|Publisher||Princeton University Press|
|Publication Date||January 3, 1993|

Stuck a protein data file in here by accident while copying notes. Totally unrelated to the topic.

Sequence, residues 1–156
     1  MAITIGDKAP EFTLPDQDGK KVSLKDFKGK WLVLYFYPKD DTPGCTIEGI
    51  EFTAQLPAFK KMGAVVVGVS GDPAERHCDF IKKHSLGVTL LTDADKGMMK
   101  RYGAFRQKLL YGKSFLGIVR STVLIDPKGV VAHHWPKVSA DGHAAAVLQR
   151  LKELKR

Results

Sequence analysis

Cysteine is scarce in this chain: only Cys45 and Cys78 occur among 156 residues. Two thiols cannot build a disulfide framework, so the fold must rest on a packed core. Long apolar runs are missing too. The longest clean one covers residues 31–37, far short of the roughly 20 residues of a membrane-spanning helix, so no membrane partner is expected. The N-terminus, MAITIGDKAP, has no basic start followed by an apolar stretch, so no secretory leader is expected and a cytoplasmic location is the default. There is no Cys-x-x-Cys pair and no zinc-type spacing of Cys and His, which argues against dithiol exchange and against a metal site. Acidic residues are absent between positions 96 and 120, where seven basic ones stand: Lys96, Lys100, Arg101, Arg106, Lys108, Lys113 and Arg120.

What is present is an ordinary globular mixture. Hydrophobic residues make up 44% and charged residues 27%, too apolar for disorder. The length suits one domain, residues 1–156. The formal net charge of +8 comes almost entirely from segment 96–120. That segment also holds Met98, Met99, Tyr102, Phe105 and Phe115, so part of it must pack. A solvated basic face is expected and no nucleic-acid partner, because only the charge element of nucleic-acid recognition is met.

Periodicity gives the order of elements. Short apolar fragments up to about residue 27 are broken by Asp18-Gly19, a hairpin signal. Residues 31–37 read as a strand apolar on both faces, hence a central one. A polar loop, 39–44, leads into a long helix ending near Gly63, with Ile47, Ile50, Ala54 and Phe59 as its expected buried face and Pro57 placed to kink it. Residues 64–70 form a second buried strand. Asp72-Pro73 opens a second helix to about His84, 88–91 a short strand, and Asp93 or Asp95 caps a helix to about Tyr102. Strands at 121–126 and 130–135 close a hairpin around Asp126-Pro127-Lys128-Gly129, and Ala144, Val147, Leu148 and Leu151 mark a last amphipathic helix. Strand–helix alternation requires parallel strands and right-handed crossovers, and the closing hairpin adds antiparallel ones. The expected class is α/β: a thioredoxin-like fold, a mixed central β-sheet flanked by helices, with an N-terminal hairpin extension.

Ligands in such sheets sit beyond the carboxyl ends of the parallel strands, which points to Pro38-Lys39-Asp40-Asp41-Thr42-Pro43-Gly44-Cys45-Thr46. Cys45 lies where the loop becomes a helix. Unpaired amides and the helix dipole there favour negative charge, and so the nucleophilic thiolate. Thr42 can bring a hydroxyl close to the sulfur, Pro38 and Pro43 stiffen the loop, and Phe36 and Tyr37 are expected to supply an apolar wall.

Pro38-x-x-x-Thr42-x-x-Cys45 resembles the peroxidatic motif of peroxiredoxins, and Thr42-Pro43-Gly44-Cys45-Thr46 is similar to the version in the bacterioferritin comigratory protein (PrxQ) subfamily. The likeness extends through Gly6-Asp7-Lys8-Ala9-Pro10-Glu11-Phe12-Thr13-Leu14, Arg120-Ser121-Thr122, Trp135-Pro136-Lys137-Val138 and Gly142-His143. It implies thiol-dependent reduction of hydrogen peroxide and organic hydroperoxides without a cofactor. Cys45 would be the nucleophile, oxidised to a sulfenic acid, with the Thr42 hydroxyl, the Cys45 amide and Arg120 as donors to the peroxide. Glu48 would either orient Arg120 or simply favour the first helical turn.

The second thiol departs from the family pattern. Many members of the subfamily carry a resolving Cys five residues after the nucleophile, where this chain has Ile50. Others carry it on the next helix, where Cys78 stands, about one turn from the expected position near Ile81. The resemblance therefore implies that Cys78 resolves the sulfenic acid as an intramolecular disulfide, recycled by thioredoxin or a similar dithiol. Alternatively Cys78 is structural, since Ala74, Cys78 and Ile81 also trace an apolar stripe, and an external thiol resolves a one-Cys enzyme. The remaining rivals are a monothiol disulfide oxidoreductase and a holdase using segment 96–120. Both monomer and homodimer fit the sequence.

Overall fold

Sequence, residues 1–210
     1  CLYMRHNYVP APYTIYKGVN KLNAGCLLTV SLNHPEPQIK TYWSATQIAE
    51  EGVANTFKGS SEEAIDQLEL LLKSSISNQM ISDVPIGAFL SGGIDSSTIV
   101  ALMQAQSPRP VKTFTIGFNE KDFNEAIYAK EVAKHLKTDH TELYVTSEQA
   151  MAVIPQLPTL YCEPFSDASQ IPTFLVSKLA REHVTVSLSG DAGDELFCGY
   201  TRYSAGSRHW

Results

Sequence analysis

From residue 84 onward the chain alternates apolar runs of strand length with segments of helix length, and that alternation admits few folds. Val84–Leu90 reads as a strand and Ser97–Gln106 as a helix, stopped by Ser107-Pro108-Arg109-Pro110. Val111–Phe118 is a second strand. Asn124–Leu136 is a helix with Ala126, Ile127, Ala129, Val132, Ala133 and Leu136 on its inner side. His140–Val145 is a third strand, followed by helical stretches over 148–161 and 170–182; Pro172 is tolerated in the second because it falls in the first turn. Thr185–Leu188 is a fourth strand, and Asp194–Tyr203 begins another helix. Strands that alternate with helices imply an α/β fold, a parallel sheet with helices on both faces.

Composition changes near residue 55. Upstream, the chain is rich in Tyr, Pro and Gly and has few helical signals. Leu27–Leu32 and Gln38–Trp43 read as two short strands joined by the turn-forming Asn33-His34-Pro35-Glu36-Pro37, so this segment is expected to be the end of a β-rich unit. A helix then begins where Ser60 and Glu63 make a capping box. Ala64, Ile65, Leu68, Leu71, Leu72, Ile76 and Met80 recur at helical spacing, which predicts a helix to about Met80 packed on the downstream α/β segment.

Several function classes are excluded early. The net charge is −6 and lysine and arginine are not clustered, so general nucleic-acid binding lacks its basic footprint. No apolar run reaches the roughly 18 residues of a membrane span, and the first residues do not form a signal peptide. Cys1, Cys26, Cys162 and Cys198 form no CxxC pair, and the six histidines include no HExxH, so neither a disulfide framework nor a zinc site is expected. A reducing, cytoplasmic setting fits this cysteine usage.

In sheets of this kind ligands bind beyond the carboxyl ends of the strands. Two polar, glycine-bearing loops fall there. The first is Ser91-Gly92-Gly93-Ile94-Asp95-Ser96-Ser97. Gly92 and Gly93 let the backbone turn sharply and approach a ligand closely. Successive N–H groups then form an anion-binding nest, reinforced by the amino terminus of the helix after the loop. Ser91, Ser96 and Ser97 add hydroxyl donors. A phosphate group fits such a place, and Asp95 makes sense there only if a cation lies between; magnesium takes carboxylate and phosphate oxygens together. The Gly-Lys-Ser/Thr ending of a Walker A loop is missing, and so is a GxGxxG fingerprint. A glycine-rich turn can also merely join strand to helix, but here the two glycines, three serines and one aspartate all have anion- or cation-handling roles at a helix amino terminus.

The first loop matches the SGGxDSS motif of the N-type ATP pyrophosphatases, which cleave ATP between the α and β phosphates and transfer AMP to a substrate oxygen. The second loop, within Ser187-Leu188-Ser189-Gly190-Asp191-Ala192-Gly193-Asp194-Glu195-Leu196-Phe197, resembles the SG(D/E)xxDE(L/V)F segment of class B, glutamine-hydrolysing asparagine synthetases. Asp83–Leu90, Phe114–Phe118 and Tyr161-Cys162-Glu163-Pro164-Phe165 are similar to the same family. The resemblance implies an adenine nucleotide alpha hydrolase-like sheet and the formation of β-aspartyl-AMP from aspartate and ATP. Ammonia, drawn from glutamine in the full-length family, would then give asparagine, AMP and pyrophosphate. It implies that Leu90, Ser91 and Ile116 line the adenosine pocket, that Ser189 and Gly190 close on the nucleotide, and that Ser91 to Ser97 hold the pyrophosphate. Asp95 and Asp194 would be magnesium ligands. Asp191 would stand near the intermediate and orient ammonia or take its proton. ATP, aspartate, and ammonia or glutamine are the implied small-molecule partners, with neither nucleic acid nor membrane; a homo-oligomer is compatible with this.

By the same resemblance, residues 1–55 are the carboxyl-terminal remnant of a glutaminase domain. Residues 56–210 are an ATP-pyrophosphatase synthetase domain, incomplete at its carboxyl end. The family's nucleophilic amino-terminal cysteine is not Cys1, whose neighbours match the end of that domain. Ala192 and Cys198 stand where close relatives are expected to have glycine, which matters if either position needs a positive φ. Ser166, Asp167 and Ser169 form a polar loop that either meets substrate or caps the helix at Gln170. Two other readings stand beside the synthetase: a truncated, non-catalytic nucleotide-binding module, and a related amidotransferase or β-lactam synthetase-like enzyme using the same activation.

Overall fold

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While the Olympics, because of their modern revival, enjoy the greatest fame today, in ancient Greece other religious festivals were equally elaborate and impressive spectacles. The lavishly illustrated Goddess and Polis is the first work devoted to the Panathenaia, the most significant of these festivals to be held in ancient Athens. Founded in 566 B.C., this complex ritual performed for the goddess Athena vied with other Greek festivals in grandeur and importance and was particularly distinguished by the works of art commissioned in its service. Among these were the painted vases known as Panathenaic amphoras, each of which contained forty liters of olive oil, awarded to athletic and equestrian victors. The contests depicted on these vases are the best extant illustrations of Greek sport. Although women were excluded from the competitions, they had an important role to play in the weaving of the peplos, an elaborate textile that took nine months to produce. The culmination of the festival was a long procession bearing this new robe to the cult statue of the goddess; the procession in turn was the subject of another great work of art, the Parthenon frieze. Combining art, spectacle, and civic consciousness, the Panathenaia contributed to the development of the high classical style of Periklean Athens. This book deals with every aspect of the festival and produces a vivid portrait of the worship of the patron goddess of the city. Essays by eminent classical scholars examine in depth the musical and poetic competitions, the athletic and equestrian contests, the peplos, and the evolving image of Athena as documented in sculpture from the Acropolis. Jenifer Neils, the curator of the exhibition Goddess and Polis, held at the Hood Museum of Art at Dartmouth College, has contributed an introduction to the Panathenaia, an essay on the prize amphoras, and detailed entries for the seventy objects exhibited.